In general, I thought it was a good read and if the author were to make a series out of it (could easily go either way) I’d read the next one happily.

A Wizard’s Guide to Defensive Baking

A Wizard's Guide to Defensive BakingA Wizard's Guide to Defensive Baking
by T. Kingfisher
Rating: ★★★
isbn: 9781614505242
Publication Date: July 21, 2020
Pages: 309
Genre: Fiction, Middle Grade
Publisher: Argyll

Fourteen-year-old Mona isn't like the wizards charged with defending the city. She can't control lightning or speak to water. Her familiar is a sourdough starter and her magic only works on bread. She has a comfortable life in her aunt's bakery making gingerbread men dance.

But Mona's life is turned upside down when she finds a dead body on the bakery floor. An assassin is stalking the streets of Mona's city, preying on magic folk, and it appears that Mona is his next target. And in an embattled city suddenly bereft of wizards, the assassin may be the least of Mona's worries...

This title flowed across my radar a while back, and I’ve seen a lot of other T. Kingfisher titles too, but this one is the title that kept standing out, so I thought I’d give it a go.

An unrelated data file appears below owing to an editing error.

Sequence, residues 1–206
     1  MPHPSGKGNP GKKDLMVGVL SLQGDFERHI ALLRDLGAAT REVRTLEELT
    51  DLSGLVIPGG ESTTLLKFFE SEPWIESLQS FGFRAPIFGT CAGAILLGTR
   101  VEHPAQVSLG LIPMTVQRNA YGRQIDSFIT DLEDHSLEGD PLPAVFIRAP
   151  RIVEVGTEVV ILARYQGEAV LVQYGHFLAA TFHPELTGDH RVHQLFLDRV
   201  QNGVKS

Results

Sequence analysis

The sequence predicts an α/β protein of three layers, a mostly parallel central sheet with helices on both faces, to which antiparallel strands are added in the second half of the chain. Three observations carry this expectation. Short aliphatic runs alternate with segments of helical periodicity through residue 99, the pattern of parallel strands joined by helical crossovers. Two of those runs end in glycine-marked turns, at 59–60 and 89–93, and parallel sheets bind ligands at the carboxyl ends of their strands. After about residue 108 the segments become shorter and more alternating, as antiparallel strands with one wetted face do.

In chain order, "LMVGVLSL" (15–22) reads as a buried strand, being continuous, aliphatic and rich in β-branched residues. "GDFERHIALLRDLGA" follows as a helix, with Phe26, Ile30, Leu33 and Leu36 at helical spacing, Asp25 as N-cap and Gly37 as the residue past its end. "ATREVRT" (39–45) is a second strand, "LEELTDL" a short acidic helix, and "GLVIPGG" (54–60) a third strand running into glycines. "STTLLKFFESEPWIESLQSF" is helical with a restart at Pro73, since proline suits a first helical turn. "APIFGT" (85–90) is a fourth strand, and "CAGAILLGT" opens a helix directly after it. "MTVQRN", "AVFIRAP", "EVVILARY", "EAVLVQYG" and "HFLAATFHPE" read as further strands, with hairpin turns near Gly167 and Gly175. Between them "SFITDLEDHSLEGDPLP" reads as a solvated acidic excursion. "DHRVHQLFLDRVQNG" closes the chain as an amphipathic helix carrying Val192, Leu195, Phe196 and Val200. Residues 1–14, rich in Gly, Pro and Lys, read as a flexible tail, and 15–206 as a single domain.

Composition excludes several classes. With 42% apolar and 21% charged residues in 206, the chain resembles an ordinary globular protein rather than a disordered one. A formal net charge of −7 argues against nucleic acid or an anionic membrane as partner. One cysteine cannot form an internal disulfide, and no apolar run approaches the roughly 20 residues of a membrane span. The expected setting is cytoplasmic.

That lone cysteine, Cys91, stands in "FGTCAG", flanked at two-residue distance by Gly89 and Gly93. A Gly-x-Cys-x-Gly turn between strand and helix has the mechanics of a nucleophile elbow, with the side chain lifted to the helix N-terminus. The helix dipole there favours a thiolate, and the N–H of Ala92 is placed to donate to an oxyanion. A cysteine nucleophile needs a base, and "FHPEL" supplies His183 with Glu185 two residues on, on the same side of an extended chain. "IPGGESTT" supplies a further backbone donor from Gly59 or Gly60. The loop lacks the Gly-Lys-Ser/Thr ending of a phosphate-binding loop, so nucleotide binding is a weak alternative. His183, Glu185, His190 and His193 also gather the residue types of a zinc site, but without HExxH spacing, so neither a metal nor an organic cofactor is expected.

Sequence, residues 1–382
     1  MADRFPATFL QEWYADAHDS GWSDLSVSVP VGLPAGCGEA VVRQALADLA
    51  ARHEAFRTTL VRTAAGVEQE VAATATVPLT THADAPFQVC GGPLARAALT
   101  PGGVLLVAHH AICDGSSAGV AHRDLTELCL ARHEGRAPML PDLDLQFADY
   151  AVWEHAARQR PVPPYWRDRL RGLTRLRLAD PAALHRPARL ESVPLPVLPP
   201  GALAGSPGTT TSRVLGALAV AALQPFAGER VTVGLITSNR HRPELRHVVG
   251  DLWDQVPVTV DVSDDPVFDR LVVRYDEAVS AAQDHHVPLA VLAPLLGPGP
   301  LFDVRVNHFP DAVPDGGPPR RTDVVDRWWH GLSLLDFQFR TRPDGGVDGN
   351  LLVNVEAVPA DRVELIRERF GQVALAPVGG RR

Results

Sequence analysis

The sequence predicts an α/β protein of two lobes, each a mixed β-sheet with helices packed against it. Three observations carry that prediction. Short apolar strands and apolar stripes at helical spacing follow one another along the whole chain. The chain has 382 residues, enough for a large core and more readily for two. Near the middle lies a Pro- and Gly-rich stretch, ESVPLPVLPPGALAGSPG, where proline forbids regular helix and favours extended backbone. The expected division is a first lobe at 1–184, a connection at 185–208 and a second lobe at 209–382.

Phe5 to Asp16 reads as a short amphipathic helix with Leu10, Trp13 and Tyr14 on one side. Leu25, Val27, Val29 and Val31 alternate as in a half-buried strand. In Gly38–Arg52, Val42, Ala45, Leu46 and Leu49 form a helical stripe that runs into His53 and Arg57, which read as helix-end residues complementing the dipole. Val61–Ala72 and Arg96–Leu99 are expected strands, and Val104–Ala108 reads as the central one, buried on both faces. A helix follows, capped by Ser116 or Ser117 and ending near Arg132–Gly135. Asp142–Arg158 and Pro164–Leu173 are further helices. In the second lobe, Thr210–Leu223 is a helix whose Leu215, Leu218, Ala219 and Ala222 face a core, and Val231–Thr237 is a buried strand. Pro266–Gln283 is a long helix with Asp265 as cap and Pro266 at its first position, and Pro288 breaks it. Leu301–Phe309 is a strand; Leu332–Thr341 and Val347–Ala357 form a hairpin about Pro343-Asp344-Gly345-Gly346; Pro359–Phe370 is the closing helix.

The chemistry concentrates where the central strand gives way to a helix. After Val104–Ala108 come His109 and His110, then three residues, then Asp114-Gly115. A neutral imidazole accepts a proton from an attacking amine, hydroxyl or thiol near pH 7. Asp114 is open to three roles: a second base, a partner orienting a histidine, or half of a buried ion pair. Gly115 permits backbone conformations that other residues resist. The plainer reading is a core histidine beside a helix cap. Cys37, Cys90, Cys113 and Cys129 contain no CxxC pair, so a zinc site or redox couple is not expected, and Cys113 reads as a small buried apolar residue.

As the YA book it’s labelled as:  meh.  Maybe it’s me, but it isn’t all that dark and the voice is a bit juvenile for YA.  I suspect my 13 year old niece wouldn’t have patience for it.  But her younger sister, who’s 11, might love it.  So as a middle grade level book, it’s probably not bad.

Mona was a bit whiney (again for the YA it’s labelled as), but I loved Bob the sourdough starter, and the gingerbread man.  Neither of whom had any dialog, which might be a bit telling.  But Kingfisher packs a lot of personality into these two without giving them a voice.  The rest of the characters – the adults – all spoke to Mona as if she was 10 rather than the 14 she is, and yet she’s asked to save the kingdom single-handedly.

There is a very poignant scene at the end between a character named Molly Knacker and her skeleton horse; that scene stood out in what was on whole rather bland writing.